Insights

3 E-Commerce Stocks That Could Help Make You a Fortune

Many e-commerce companies experienced big growth spurts during the pandemic as brick-and-mortar stores closed down. That acceleration coincided with a surging interest in growth stocks from retail investors, many of whom invested their stimulus checks in the market.
Those two tailwinds propelled many e-commerce stocks to all-time highs last year. But over the past six months, most of those stocks plummeted as investors fretted over their challenging year-over-year comparisons in a post-lockdown world. The broader retreat from pricier tech stocks — which was largely driven by inflation, rising interest rates, and other macroeconomic headwinds — exacerbated that painful sell-off.
Image source: Getty Images.

Yet that massive pullback has also created some promising buying opportunities for patient investors. I believe MercadoLibre (NASDAQ: MELI), Etsy (NASDAQ: ETSY), and Coupang (NYSE: CPNG) were all unfairly crushed during the recent sell-off, and that all three e-commerce stocks could still generate fortunes over the long run. Let’s find out a bit more about these three e-commerce stocks.
1. MercadoLibre
MercadoLibre is the largest e-commerce company in Latin America. It operates across 18 countries, but it generates most of its revenue from Brazil, Mexico, and its home country Argentina.
It also processes payments with its Mercado Pago platform, which continues to grow alongside its newer credit-based payment services, online insurance policies, investment tools, and cryptocurrency services across its fintech ecosystem.
MercadoLibre’s revenue rose 73% to $3.97 billion in 2020, then grew another 78% to $7.07 billion in 2021.
In the first quarter of 2022, its revenue increased 63% year over year to $2.25 billion. On a trailing two-year basis, which smooths out its pandemic-induced growth spurt, its total gross merchandise volume (GMV) still grew at an impressive compound annual growth rate (CAGR) of 73%.
Its adjusted earnings before interest, taxes, depreciation, and amortization (EBITDA) also turned positive in 2020 and nearly tripled to $645 million in 2021. It also turned profitable on a generally accepted accounting principles (GAAP) basis in 2021.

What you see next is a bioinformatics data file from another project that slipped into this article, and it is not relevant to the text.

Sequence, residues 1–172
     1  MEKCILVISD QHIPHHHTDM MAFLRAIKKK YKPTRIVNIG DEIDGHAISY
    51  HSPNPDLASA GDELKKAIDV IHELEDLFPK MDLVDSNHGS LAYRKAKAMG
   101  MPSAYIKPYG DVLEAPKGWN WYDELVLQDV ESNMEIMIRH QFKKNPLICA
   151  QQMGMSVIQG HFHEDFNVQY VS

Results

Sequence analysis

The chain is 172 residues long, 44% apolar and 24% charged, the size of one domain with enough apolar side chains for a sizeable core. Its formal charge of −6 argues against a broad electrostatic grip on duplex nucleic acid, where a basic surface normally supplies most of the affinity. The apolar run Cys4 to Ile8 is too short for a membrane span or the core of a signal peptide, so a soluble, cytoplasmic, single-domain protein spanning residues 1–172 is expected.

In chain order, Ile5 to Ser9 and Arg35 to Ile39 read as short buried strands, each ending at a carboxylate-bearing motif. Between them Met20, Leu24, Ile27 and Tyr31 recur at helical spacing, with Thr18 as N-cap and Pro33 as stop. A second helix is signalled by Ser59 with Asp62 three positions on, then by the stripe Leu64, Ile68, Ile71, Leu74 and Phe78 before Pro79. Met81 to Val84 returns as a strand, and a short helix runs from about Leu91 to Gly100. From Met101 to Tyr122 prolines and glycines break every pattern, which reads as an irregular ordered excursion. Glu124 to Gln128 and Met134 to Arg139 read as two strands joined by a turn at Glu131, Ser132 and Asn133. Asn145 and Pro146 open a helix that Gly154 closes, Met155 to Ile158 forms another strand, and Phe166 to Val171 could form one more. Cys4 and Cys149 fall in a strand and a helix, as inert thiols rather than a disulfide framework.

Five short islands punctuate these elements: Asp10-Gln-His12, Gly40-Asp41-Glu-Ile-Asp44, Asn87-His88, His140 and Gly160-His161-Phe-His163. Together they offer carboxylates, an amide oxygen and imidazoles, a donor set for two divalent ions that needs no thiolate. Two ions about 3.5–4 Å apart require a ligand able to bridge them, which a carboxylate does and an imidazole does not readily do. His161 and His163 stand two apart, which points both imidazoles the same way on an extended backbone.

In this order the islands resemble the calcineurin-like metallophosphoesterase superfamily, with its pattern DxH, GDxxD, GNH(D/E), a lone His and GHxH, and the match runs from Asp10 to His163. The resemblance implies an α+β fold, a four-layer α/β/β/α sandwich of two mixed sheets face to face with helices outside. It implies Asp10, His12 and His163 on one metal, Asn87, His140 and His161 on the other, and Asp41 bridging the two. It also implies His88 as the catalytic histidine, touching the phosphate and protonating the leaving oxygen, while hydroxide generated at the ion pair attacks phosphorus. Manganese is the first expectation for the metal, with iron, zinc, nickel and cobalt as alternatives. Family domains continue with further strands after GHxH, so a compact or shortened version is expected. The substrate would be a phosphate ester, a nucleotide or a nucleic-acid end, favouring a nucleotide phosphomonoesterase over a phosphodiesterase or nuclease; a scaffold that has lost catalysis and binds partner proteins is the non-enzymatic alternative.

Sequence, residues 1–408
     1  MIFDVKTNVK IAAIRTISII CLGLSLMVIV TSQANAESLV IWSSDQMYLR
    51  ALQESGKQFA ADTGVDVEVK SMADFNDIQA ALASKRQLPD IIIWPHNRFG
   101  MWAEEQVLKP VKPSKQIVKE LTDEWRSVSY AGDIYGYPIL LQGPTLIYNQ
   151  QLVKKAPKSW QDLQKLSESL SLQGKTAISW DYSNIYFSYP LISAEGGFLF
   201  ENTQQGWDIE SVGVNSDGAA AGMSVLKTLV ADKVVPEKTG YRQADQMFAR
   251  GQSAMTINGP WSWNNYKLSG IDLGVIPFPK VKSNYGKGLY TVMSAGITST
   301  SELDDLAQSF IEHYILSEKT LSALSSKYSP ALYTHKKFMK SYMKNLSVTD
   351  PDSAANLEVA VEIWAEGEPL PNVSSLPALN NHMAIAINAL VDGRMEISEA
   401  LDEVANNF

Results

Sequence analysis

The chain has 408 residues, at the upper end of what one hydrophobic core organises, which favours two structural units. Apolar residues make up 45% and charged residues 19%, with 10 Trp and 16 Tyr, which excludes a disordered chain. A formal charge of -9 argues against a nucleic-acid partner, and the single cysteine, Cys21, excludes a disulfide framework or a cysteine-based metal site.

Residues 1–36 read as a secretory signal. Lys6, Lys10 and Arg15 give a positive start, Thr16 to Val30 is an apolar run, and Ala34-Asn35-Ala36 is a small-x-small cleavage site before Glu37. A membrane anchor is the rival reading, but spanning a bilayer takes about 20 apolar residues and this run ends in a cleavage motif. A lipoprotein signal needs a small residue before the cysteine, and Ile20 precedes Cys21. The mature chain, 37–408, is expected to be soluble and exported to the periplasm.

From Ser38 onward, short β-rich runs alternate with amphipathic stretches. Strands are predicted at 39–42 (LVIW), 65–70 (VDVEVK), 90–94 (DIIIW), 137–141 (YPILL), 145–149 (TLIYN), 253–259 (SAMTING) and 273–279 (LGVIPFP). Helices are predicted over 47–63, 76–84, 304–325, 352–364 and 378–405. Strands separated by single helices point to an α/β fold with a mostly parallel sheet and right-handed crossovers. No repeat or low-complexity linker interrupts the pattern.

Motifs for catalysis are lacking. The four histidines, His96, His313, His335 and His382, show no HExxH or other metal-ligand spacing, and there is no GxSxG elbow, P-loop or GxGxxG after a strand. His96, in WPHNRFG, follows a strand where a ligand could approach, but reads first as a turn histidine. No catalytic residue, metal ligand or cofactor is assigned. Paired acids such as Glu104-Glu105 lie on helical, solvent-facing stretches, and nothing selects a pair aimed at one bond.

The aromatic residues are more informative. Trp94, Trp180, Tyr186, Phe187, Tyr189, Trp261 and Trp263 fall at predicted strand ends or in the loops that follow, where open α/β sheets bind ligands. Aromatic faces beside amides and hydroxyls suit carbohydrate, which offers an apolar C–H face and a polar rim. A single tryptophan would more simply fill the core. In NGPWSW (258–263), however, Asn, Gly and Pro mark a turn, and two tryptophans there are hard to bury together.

Analysts expect MercadoLibre’s revenue to rise 39% this year, and for its earnings per share (EPS) to nearly quadruple — even as it ramps up its investments in its managed logistics network and fintech ecosystem. That rosy outlook indicates the stock is still a bargain at five times this year’s sales.
2. Etsy
Etsy carved out a high-growth niche by helping artisans sell their customized and handmade goods online. Amazon (NASDAQ: AMZN) has repeatedly tried to crush Etsy with its own Handmade marketplace for nearly seven years, but the resilient underdog continued to expand.
Etsy’s revenue surged 111% to $1.73 billion in 2020, its gross merchandise sales (GMS) soared 107% (partly driven by handmade mask sales), and its adjusted EBITDA nearly tripled. But in 2021, its revenue only rose 35% to $2.33 billion while its GMS and adjusted EBITDA both grew by about 32%.
That slowdown persisted in the first quarter of 2022 when its revenue rose just 5% to $579 million, its GMS grew by less than 4%, and its adjusted EBITDA declined 14%. That EBITDA decline was partly due to the lower margins of its three newly acquired businesses: the musical instruments marketplace Reverb, the U.K. fashion resale marketplace Depop, and the Brazilian artisan website Elo7.
Analysts expect its revenue to rise just 12% this year as its EPS declines 17%. That slowdown spooked a lot of investors and Etsy’s stock crumbled.
However, I believe Etsy still has plenty of room to grow after the post-pandemic comparisons normalize, and its stock looks reasonably valued at 24 times forward earnings and four times this year’s sales. If you believe Etsy can remain synonymous with handmade goods and continue to grow in Amazon’s shadow, then it’s a great time to buy the stock.
3. Coupang
Coupang, South Korea’s largest e-commerce company, currently trades nearly 70% below its IPO price. Its stock crumbled as investors fretted over its slowing growth, competitive headwinds, and steep losses. SoftBank, one of the company’s top backers, also significantly reduced its massive stake.
Coupang’s revenue soared 93% in 2020 and grew 54% to $18.4 billion in 2021. Its total number of active customers increased 21% year over year to 17.9 million in the fourth quarter, which marked its 16th straight quarter of more than 20% year-over-year growth.